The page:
Dunkirk – The Visual World of Christopher Nolan

Christopher Nolan once said that he got used to making mostly entertainment movies, but he caught the new inspiration and interest towards historical plots. So this time the Dunkirk evacuation in the wake of the World War II has become the object for his camera. It is wide known that the director has denied almost all graphics, used real navy vessels and employed thousands of extras to make his film lifelike, but we are here not to talk about well-known facts. The visual world of Nolan are the right words to describe this note. In Nolan`s vision the history, even in its most cruel and bloody incarnation, looks far from documentary. His interpretation of Dunkirk is a mixture of polar colours of the palette: suspense is full of motion, hopeless mood is full of hope, and thunder of war is full of silence.

Nolan is the acclaimed master of scenery views. ‘Dunkirk’ confirms this assumption once again with its lifeless landscapes, frozen with the breath of death. Even when the sun is shining over the strait, even when the sea is calm, even when nothing seemingly happens – this tranquility is fragile as first ice covering fallen leaves in November morning. The thing is not only in the camera, Nolan has chosen real places for the filmmaking. Probably that was the best thing he could do to make a spectacular film in our age of boring digital reality.

And again, the contrary – frightening clouds and the sun, glassy sea or waves of storm. Previously used to highlight protagonists and antagonists, action or happy end, now they only imply that the war overwhelms everything, no matter if the audience is tricked by sunny pictures of abandoned beach. The characters find themselves imprisoned there, literally between the devil and the deep sea, having nothing except the desperate hope for escape, rescue or salvation. They seem to be a random choice for this story – there is no background of them shown in the film, nothing like ‘I am Johnny from Nowherechester, and my pretty Jenny is waiting for me there’. Just a bunch of soldier boys waiting for unknown and trying to do their best not to simply wait but to do something seeing that saving the whole contingent is affirmatively impossible. Nolan did not give them names, they were useless, he only made them move while the others were standing in meekly obedience to commanders and fate.

Meanwhile, they are not the only characters. The story is told from three different angles: land, sea and air. Each dimension has its own visual atmosphere and pace of time perception, so they collide in one line only by the end of the film. Like a painter, Nolan features each of them with his contrary colours on the edges – from storm to tranquility, from dark to light. And since the land, the lonesome beach is often shown in uncertain semi-tones while the soldiers are in a silent suspense, the sea is in intensive flow of warships and civil vessels, it is shown in daylight and in the dark of the unpredictable and dangerous night. The air is made of steel and speed, these glimmering colours follows the rhyme of the silver sea and the long stripe of sand catching thousands of people in a monstrous trap.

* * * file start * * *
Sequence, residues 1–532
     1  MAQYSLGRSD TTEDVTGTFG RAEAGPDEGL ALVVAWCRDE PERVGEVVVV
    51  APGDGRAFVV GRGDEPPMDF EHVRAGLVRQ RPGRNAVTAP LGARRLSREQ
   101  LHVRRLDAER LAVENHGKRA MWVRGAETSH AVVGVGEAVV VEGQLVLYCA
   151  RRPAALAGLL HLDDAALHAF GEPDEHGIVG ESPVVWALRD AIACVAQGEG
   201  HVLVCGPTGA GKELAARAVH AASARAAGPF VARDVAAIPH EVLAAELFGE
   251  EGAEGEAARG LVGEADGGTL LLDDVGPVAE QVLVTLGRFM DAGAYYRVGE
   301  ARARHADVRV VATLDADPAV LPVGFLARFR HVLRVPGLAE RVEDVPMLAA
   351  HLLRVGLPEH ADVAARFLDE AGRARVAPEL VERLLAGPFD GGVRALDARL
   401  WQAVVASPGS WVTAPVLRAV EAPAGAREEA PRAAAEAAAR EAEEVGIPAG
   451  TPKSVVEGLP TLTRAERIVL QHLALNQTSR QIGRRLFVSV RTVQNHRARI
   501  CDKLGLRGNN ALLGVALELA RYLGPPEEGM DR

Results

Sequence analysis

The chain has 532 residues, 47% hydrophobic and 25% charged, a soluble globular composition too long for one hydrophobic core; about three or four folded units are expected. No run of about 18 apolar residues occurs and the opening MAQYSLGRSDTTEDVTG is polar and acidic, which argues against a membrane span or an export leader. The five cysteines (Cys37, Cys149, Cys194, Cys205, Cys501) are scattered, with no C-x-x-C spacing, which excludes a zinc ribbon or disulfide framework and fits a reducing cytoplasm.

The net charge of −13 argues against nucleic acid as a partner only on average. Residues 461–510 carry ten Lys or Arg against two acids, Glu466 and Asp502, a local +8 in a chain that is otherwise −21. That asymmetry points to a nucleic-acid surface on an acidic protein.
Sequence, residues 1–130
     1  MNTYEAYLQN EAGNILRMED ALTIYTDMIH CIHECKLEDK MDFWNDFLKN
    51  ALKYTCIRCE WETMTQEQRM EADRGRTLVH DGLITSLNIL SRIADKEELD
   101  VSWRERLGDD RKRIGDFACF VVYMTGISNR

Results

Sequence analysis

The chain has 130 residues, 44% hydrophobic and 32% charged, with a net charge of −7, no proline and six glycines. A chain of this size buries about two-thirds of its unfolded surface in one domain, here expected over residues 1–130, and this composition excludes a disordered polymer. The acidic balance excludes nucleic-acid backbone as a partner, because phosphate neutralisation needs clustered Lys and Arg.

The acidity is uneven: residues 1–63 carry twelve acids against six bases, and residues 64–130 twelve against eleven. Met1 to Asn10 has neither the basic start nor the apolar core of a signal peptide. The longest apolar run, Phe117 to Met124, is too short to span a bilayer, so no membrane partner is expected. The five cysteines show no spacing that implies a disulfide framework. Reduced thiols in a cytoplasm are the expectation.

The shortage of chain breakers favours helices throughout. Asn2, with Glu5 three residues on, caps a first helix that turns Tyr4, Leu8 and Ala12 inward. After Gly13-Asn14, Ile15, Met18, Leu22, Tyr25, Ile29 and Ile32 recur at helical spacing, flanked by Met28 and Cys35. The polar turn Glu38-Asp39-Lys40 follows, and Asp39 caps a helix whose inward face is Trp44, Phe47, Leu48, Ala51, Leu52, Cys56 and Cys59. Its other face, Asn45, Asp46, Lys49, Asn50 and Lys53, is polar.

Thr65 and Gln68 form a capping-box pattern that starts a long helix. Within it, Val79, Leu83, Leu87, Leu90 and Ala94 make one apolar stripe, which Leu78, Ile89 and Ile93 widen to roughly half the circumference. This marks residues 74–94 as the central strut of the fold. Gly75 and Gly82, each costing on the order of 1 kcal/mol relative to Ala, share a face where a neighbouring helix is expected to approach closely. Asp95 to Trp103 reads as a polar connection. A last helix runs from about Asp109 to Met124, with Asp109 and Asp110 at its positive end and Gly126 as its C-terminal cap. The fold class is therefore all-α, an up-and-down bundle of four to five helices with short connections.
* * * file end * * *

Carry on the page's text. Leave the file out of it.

I do not discuss actors deliberately. Trust me, they have both skills and appearance for the historical film, and it is even more fascinating how they have manage to perform their almost silent roles in the epic suspense, surprisingly bloodless and leaving agony of war somewhere behind enemy lines. The only thing I wonder about in Nolan`s ‘Dunkirk’ is keeping clear of naming the enemy. It would not seem so strange and unnatural if no one use any terms, but heroes of the sea and the air call German bomber aircrafts their real names – Messerschmitt and Henckel. This mystery of not calling the Third Reich the Third Reich left my mind in deep doubt – Nolan has shown the film to British veterans who truly knows that Great Britain never leaves its people even in worst circumstances, how could they react to the fact that the characters were like in the shadows, cursing, blaming, fighting and finally evacuating from under the very nose of “Who-Must-Not-Be-Named”. Although it is just a film, an entertainment to some extent, according to Nolan himself, but the war was terribly real, and it was not fighting the windmills.

Nolan`s intent was to show the Dunkirk operation in a contemplative manner, and it looks like a huge painting, both a landscape and a battle scene scored by Hans Zimmer`s music. He avoided cinematic cruelty and scored an unbelievable goal – made the hell of war look not distorted, but somehow aesthetic.




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